Our client came to the United States in November 2016 as a K-1 visa entrant from Nigeria.  Our client is the beneficiary of an approved I-129F petition. He came to the United States as a K-1 Fiancé of a U.S. Citizen whom he married within 90 days of his entry. By law, if you married your petitioner-fiancé within 90 days of your K-1 visa entry, you are eligible to apply for adjustment of status (green card) in the United States.

Our client contacted our office initially in March 2017 and consulted with us for his adjustment of status application. After the retention, our firm quickly prepared and filed the I-485 Adjustment of Status Application on April 4, 2017.  Things went smoothly and the receipt notices, and the fingerprint appointment all came on time.  

It is not mandatory to have an adjustment of status interview for an applicant who entered on a K-1 visa.  However, the USCIS may require an interview to test the validity and bona fide nature of the marriage between the Petitioner and Beneficiary. Nevertheless, the USCIS scheduled an interview for our client. Prior to the interview, we thoroughly prepared our clients at our office. On July 25, 2017, our clients were interviewed at the Cleveland, Ohio USCIS office. Attorney Sung Hee (Glen) Yu from our office accompanied them at their interview as well. After the interview, his green card application was approved.

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Post image for 245i Adjustment of Status Approval for Filipino Client in Indiana

CASE: Employment Based Adjustment of Status (Derivative Applicant) / 245(i)

CLIENT: Filipino

LOCATION: Indiana

Our Filipino client came to the U.S. in June 2001 with a valid B-2 visitor’s visa. He has remained in the United States since then. He married his current spouse in June 2002 and she obtained her permanent residency in 2016 through an employment petition. Our client’s wife was the beneficiary of labor certification that was filed before April 30, 2001 and she was physically present in the United States before December 2000.

Our client contacted us around November of 2016 for consultation and sought legal assistance for his adjustment of status. He was not sure whether he could be a derivative applicant of the adjustment of status based on his wife’s I-140 approval and his eligibility under INA 245(i). Nonetheless, after consultation, we determined that he is eligible for adjustment of status under INA 245(i). Our client retained us on December 1, 2016.

Section 245(i) of the INA allows certain foreign nationals to become permanent residents of the United States despite entering without inspection (EWI) or overstaying (if beneficiary of petitions filed not by an immediate relative). Immigrants are barred from adjusting their status if they entered the United States without first being inspected and admitted by a Customs and Border Patrol officer and if they have either failed to maintain lawful status or been unlawfully employed in the country, with certain exceptions. Section 245(i) was first added to law in 1994 to allow certain people who otherwise would not be eligible to adjust their status to be able to do so upon payment of a $1,000 fine.

Four years later, on January 14, 1998, Congress phased Section 245(i) out of law. Immigrants and their families who had already begun the process of changing their status under Section 245(i) by January 14, 1998 were grandfathered into the section’s benefits. However, this left thousands of otherwise qualified persons who had not begun the process unable to adjust status in the United States. They could not return to their countries to begin the legal process of obtaining their permanent residency in the United States also without being subject to either a three- or a 10-year bar upon returning to the United States.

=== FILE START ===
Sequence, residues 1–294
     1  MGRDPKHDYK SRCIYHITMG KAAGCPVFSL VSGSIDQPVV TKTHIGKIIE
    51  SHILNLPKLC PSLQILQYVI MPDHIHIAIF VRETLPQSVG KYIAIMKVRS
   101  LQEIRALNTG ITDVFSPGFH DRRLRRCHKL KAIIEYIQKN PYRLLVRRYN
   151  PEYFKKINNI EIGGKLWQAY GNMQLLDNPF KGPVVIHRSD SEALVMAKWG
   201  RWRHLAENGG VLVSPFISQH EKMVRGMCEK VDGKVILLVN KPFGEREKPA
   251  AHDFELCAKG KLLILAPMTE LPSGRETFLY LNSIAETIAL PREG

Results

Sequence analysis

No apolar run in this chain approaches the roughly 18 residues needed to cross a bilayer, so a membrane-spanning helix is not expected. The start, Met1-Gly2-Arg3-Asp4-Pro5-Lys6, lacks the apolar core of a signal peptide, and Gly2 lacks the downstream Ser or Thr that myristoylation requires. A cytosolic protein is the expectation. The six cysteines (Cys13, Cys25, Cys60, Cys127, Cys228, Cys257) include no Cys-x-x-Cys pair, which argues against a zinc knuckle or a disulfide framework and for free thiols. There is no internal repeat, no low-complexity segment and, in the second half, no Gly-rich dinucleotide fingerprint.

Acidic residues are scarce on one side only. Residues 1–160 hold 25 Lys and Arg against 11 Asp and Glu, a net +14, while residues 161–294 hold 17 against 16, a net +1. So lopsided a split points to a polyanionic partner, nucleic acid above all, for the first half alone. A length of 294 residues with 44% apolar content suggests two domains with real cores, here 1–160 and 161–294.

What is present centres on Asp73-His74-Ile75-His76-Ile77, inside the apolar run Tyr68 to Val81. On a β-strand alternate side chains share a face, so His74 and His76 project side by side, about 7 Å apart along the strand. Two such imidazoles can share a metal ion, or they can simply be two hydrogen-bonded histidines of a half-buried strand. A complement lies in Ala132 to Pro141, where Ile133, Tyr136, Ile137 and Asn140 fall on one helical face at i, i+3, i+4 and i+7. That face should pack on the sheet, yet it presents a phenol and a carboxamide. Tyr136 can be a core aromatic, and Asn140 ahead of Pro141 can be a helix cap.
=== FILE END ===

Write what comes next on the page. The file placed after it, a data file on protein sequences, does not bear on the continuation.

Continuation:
On December 21, 2000, Congress extended the qualifying date for Section 245(i) benefits to April 30, 2001. This law allowed immigrants who had labor certifications or visa petitions filed on their behalf between 1998 and April 30, 2001, to qualify for adjustment of status. Those who were beneficiaries of petitions filed prior to January 14, 1998 could still adjust despite an EWI record, and those people do not have to meet the December 2000 physical presence requirement.

However, aforementioned requirements were not met for our client since he was not a beneficiary of any I-130 / I-140 petition which was filed prior to April 30, 2001. He was not also physically present in the United States prior to December 2000. Nonetheless, there is a controlling BIA case for our client’s situation. In Matter of Estrada and Estrada, 26 I&N Dec. 180 (BIA 2013), the BIA held that:

“Although not grandfathered, qualifying after-acquired spouses and children are still able to benefit from section 245(i) of the Act in certain circumstances. The Supplementary Information to the interim rule clarifies that a dependent spouse or child – if eligible under section 203(d) of the Act  – who is accompanying or following to join a grandfathered adjustment applicant is “considered to be grandfathered” if the qualifying relationship existed before the grandfathered alien adjusts his or her status…. Such spouses and children are able to benefit from section 245(i) of the Act by virtue of their status as dependents under section 203(d), which provides that a spouse or child who is accompanying or following to join a principal beneficiary of an immigrant visa is entitled to the same status as that alien. Thus, when a grandfathered alien applies for adjustment of status under section 245(i) as the principal adjustment applicant, his or her dependent spouse or children are eligible to adjust status under that section notwithstanding the fact that they are not grandfathered aliens.

As mentioned above, our client married his wife in June 2002. His wife filed her adjustment of status application by virtue of an approved and current I-140 petition filed for her and invoked INA 245(i) in the process as the principal beneficiary. By virtue of 245(i), our client’s wife obtained her permanent residency in September 2016. Thus, based on Matter of Estrada and Estrada, our office argued that our client is able to benefit from section 245(i) by virtue of his status as spouse who is following to join a principal beneficiary under 245(i) since the qualifying relationship (their marriage in 2002) existed before the grandfathered alien (our client’s wife) adjusted her status (adjustment in 2016 through 245(i).

On December 20, 2016, our office filed his I-485 adjustment of status application and I-485 Supplement A under the 245(i) category for our client.  Everything went smoothly and the receipt notices and fingerprint appointment all came on time.  Eventually, on July 19, 2017, our client’s I-485 adjustment of status application was approved.